Nihilism stands at the door. Whence comes this uncanniest of all guests?Nietzsche, F. W., Kaufmann, W., & Hollingdale, R. J. (1968). The will to power. Vintage Books ed. New York, Vintage Books. p. 7
There are many ways to fall. Falling gracefully is one of them.
Nihilism stands at the door, Nietzsche said, and he was right. That was in 1885 or '86, in his Will to Power notebooks, and with the phrase Nietzsche was prophesying the coming days, when values would be devalued, when the whither of things would be lacking, when violence and selling out would be committed in the same breath, both gratuitous, both overdone and without a grounding narrative.
Nihilism is in the house, has burst--or crept--through the doors of our culture, our home, turning it little by little into an anti-culture, and our home into homelessness. The age Nietzsche was prophesying was this our own age, and he foretold that after his death the age of nihilism would last two hundred years. There will be wars the likes of which have never been seen on this earth, he said. And he was right. Here we are, with conflicts and trauma abounding on the earth, all televised, all captured, all made to fit into a frame. Even our holiest and most singular moments can be found on a video streaming service or a blog somewhere. For those human beings who cannot so capture the stream of their lives, so much the worse for them. For the dominant angle of our times insists that the uncaptured is the unlived, and you might as well have never been if you did not get it "down for the ages" somehow. After all, there are so many ways to capture things now, so many media, so many methods to put the record straight and to settle things.
But there's a catch, and our capturing is in a double bind. For at the very instant we capture things and express our hearts within some frame or other, that frame is then seen as one frame among countless on a spinning reel, with moments, all of them equal, following one another madly and indifferently. Recall, the uncaptured is the unlived, so that means that our past as well as our present and our future are swept into reels and subjected to the tricks of a camera. Collective amnesia. We are all of us blinking constantly, with each blink the blanking of the blinks that went before.
Irony rules. We are trapped behind irony bars. Gates of irony enclose everything, our humor, our gifts, our tragedies, our grand speeches and declarations, our promises to our futures and remembrances of our pasts. It's hard to take any of it seriously anymore. In which case it is hard to be truly ironic anymore, since irony can be found playfully streaming only with the support of a bedrock of seriousness. Instead of irony, we suffer from a sort of blasé sadness that has a costume for every occasion, a poorly fitting, sad--ironic--costume. And we blink and pretend that we freely and out of the abundance of ourselves don these clothes, we pretend that blinking will protect us from the winter storms, shield us from the absurd heat.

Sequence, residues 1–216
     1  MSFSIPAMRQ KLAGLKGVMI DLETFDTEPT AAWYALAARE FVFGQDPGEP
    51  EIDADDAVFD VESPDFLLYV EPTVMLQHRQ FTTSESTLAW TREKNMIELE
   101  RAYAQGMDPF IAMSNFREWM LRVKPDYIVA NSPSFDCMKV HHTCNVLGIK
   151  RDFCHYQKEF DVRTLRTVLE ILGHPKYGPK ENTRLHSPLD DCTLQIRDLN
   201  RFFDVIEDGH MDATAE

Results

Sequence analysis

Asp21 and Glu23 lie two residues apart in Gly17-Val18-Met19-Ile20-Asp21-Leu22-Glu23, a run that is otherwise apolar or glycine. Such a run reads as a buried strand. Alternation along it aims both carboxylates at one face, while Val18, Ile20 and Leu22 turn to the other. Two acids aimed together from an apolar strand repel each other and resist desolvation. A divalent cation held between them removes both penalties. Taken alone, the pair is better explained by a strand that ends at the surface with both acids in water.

This sad irony-entrapment infects everything, pens up the whole gamut of human affairs, so that a video to teach you to make lasagna and one reporting human carnage are given equal attention. We will find a niche for everything, and nick at ourselves with niches until we are all carved up and nicked away. The uncarved block has turned to woodchips--sawdust--our lives are becoming fractured and smaller at the same time as we are becoming stunningly conscious of larger and larger wholes. Now, going to the gas station to take your children to school is wreaking cruel havoc in unwitting communities, proposing to your lover with a sparkling ring enslaves children in 2022, cooking your Thanksgiving dinner spreads ignorance as well as thanks, tortures fields upon fields of species and, again, enslaves children, taking a pet home from the local shelter adds to the stockpiles of canned flesh in warehouses littered throughout the plains, just a far enough distance from the suburbs.